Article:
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In 1592 J.H. van Linschotten, a Dutch navigator on a Portuguese vessel sailing along the west coast of Taiwan, was so impressed by the lush beauty of the coastal plain that he named the island on the chart "Ilha Formosa ." The West adopted the Portuguese name of Formosa for the island.

It was truly beautiful. It isn't, now. Industrialization has ruined much of Taiwan's beauty in the name of progress. The west coast of the island is by and large "ugly" with the exception of a very few selected spots, and Taiwan's transportation authorities are almost completely set on ruining the beauty of the east coast as well. They are planning to build a freeway between Suao and Hualien.

With a price tag of NT$100 billion attached, the expressway appears more like a pork barrel project than one for economic development as the authorities want the people to believe. As a matter of fact, Taiwan has seen many featherbedding programs carried out in the name of economic progress.

Take Hualien for instance. It was opened as an international port in 1963. That was not exactly a pork barrel project, but there was no need whatsoever to open a third international port in addition to Keelung and Kaohsiung. Of course, the economic boom predicted for the port city never materialized. President Lee Teng-hui made Hualien's economic growth one of the top priorities of his presidency. He had an expensive railroad built to connect Hualien with Taipei, and another line was constructed between Taitung and Kaohsiung to complete Taiwan's round-the-island network, the purpose being to bring the boom on the west coast to the backward east.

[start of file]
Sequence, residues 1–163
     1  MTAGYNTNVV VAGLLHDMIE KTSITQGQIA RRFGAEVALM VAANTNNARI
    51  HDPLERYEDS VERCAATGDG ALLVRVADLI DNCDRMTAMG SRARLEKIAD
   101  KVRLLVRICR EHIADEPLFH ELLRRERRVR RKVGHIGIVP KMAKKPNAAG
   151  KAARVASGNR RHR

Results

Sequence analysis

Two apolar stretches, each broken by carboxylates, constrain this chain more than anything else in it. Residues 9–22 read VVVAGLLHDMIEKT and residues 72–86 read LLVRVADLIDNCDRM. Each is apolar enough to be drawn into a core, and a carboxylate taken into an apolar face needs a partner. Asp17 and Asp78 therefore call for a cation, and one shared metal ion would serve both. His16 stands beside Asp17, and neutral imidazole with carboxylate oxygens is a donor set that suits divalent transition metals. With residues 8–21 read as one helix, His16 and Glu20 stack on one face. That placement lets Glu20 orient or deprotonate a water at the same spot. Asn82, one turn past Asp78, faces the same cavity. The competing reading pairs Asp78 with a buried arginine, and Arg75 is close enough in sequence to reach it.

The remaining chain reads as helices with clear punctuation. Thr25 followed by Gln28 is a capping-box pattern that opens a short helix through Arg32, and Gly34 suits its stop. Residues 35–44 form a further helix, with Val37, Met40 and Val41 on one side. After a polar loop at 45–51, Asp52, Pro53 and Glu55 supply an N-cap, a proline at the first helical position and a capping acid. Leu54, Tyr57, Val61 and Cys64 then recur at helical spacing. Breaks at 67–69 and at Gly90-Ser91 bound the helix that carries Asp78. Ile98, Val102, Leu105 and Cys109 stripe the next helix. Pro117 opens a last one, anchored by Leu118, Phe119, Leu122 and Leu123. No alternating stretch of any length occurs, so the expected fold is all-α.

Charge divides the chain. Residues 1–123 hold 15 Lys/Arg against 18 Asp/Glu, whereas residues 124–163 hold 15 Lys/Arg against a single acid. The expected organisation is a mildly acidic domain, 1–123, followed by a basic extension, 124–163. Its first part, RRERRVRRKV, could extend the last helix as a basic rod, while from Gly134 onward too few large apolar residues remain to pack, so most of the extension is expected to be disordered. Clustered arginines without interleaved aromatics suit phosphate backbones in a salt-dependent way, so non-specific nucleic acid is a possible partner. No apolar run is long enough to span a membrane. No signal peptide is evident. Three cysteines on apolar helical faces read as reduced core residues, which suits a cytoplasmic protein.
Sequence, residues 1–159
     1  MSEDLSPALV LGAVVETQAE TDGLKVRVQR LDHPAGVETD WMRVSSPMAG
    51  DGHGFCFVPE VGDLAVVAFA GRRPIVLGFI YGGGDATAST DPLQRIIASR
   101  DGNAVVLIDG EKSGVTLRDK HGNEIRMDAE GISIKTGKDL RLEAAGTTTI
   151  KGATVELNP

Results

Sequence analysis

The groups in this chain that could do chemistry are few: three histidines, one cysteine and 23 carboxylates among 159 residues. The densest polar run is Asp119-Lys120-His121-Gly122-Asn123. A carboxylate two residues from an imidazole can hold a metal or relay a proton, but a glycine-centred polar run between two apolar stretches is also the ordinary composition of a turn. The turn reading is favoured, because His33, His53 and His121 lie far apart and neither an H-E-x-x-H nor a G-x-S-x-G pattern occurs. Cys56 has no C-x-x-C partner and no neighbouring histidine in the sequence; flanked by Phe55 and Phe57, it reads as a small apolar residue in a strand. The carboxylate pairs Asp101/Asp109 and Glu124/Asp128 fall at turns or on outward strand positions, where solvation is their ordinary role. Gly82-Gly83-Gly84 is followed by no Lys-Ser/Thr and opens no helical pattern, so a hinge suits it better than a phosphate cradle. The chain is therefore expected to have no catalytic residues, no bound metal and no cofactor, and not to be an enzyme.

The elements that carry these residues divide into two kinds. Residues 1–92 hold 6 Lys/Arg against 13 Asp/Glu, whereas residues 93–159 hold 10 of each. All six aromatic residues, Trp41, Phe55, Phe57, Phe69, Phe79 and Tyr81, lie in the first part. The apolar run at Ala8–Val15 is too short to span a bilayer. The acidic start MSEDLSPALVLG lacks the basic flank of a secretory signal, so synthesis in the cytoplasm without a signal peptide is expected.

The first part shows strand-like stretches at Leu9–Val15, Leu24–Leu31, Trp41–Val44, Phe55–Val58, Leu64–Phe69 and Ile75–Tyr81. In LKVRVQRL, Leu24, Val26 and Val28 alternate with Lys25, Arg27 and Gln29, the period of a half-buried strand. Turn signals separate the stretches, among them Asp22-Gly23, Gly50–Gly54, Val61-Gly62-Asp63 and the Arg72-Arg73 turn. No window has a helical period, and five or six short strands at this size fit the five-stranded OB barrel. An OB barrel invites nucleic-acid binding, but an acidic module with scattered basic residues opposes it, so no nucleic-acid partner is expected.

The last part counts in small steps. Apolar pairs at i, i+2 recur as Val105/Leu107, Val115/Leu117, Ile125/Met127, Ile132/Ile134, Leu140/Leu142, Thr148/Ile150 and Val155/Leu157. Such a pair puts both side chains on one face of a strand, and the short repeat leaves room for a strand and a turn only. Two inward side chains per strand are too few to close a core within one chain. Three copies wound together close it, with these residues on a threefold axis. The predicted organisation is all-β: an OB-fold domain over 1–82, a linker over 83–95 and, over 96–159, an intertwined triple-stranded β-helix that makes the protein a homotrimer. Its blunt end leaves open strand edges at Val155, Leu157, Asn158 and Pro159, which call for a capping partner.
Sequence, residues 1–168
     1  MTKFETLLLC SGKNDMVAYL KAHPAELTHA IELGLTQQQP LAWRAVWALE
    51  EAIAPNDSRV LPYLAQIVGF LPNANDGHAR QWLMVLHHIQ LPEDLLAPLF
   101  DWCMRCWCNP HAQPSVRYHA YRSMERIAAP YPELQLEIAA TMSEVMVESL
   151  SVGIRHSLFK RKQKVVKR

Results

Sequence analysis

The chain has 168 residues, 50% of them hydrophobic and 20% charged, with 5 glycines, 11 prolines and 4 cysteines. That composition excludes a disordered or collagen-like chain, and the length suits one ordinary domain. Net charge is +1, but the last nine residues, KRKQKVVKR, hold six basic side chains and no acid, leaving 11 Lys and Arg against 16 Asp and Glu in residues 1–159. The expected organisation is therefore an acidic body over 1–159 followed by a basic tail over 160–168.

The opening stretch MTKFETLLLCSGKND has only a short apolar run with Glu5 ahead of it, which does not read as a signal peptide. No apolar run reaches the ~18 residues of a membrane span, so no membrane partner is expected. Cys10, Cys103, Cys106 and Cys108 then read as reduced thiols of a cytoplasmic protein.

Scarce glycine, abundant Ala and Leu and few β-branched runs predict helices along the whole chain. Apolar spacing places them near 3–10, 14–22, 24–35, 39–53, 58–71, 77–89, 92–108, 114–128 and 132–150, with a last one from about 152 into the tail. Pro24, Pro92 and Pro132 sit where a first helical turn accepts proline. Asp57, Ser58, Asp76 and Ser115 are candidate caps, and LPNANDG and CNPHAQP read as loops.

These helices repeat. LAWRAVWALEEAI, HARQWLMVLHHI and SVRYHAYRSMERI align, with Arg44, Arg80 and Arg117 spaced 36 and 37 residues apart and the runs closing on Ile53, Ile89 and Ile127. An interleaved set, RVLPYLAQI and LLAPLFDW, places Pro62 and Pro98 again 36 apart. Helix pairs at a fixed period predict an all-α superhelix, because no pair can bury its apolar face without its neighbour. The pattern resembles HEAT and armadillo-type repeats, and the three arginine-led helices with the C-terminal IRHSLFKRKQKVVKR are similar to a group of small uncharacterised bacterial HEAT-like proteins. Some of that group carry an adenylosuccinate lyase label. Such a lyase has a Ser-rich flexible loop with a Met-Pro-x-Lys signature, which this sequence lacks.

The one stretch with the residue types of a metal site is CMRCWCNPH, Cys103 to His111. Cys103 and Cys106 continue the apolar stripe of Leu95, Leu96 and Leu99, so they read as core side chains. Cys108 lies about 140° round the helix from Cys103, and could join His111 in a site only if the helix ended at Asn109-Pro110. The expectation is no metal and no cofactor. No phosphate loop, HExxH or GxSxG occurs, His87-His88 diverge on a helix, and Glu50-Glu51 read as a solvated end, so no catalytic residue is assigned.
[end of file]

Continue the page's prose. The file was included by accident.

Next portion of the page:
The results? Well, the county of Hualien is still economically backward enough for politicians of all stripes now to push for the expressway to stimulate its economy.

The Suao-Hualien freeway certainly is too expensive. But at least, if it is built, it would not be a white elephant like Taiwan's vaunted but trouble-ridden high speed railroad along the west coast of the island. That's why few people are seriously opposed to the construction of one too many expressways on a small island like Taiwan but for its detrimental impact on Formosa the once-beautiful.

Politicians should know the rare beauty of nature, with which the east coast of Taiwan is richly endowed, may be gone forever, if and when the planned freeway is built. They should not try to buy votes with our legacy of nature.